Displays 132A and 132B each have a bit depth greater than that of the distributed image data. Processors 130A and 130B each comprise a decoder 134 that decodes the distributed image data and a metadata extractor 136 that extracts the metadata from the distributed image data. A mapper 140 maps the distributed image data to the bit depth of the display according to a mapping set according to the metadata. The mapper may, for example, comprise a set of lookup tables or logic paths that implement different predetermined mappings, a logic path that implements mappings according to supplied parameter values or control inputs, a processor that implements a mapping algorithm that performs mappings according to supplied parameter values or control inputs, a processor that executes one of a plurality of predetermined mapping algorithms, or the like.

Conclusion

Systems and modules described herein may comprise software, firmware, hardware, or any combination(s) of software, firmware, or hardware suitable for the purposes described herein. Software and other modules may reside on servers, workstations, personal computers, computerized tablets, PDAs, and other devices suitable for the purposes described herein. In other words, the software and other modules described herein may be executed by a general-purpose computer, e.g., a server computer, wireless device or personal computer. Those skilled in the relevant art will appreciate that aspects of the system can be practiced with other communications, data processing, or computer system configurations, including: Internet appliances, hand-held devices (including personal digital assistants (PDAs)), wearable computers, all manner of cellular or mobile phones, multi-processor systems, microprocessor-based or programmable consumer electronics, set-top boxes, network PCs, mini-computers, mainframe computers, and the like. Indeed, the terms “computer,” “server,” “host,” “host system,” and the like are generally used interchangeably herein, and refer to any of the above devices and systems, as well as any data processor. Furthermore, aspects of the system can be embodied in a special purpose computer or data processor that is specifically programmed, configured, or constructed to perform one or more of the computer-executable instructions explained in detail herein.

Software and other modules may be accessible via local memory, via a network, via a browser or other application in an ASP context, or via other means suitable for the purposes described herein. Examples of the technology can also be practiced in distributed computing environments where tasks or modules are performed by remote processing devices, which are linked through a communications network, such as a Local Area Network (LAN), Wide Area Network (WAN), or the Internet. In a distributed computing environment, program modules may be located in both local and remote memory storage devices. Data structures described herein may comprise computer files, variables, programming arrays, programming structures, or any electronic information storage schemes or methods, or any combinations thereof, suitable for the purposes described herein. User interface elements described herein may comprise elements from graphical user interfaces, command line interfaces, and other interfaces suitable for the purposes described herein.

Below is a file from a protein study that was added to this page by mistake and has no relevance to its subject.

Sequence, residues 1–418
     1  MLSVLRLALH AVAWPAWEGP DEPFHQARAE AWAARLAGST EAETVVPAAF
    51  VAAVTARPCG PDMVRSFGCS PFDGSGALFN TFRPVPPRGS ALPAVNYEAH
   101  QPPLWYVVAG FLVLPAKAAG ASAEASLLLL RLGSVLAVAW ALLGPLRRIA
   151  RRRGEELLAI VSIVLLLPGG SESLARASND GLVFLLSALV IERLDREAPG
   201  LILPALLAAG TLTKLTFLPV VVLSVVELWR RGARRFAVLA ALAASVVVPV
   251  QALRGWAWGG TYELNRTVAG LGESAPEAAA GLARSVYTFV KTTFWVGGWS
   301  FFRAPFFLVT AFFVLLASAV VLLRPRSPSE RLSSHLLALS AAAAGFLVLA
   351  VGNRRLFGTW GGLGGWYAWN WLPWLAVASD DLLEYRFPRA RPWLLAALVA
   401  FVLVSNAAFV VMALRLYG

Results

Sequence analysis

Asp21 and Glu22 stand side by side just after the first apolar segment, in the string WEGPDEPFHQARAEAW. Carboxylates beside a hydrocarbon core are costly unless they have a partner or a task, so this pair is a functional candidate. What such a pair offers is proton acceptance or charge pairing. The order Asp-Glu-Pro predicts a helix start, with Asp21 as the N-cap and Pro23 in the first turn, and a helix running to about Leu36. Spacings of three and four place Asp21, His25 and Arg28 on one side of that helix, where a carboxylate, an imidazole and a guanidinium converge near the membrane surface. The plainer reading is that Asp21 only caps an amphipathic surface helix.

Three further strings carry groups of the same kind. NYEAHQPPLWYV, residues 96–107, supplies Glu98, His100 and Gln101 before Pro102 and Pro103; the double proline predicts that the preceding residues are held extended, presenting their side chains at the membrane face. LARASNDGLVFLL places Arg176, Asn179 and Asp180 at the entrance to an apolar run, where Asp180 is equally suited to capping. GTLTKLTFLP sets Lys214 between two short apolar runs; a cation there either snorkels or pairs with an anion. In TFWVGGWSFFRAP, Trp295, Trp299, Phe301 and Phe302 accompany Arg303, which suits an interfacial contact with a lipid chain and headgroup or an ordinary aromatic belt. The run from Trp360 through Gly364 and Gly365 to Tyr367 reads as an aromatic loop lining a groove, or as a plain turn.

Image processing and processing steps as described above may be performed in hardware, software or suitable combinations of hardware and software. For example, such image processing may be performed by a data processor (such as one or more microprocessors, graphics processors, digital signal processors or the like) executing software and/or firmware instructions which cause the data processor to implement methods as described herein. Such methods may also be performed by logic circuits which may be hard configured or configurable (such as, for example logic circuits provided by a field-programmable gate array “FPGA”).

Certain implementations of the invention comprise computer processors which execute software instructions which cause the processors to perform a method of the invention. For example, one or more processors in a video workstation, set top box, display, transcoder or the like may implement methods as described herein by executing software instructions in a program memory accessible to the processors.

The invention may also be provided in the form of a program product. The program product may comprise any non-transitory medium which carries a set of computer-readable signals comprising instructions which, when executed by a data processor, cause the data processor to execute a method of the invention. Program products according to the invention may be in any of a wide variety of forms. The program product may comprise, for example, physical media such as magnetic data storage media including floppy diskettes, hard disk drives, optical data storage media including CD ROMs, DVDs, electronic data storage media including ROMs, flash RAM, hardwired or preprogrammed chips (e.g., EEPROM semiconductor chips), nanotechnology memory, or the like. The computer-readable signals on the program product may optionally be compressed or encrypted. Computer instructions, data structures, and other data used in the practice of the technology may be distributed over the Internet or over other networks (including wireless networks), on a propagated signal on a propagation medium (e.g., an electromagnetic wave(s), a sound wave, etc.) over a period of time, or they may be provided on any analog or digital network (packet switched, circuit switched, or other scheme).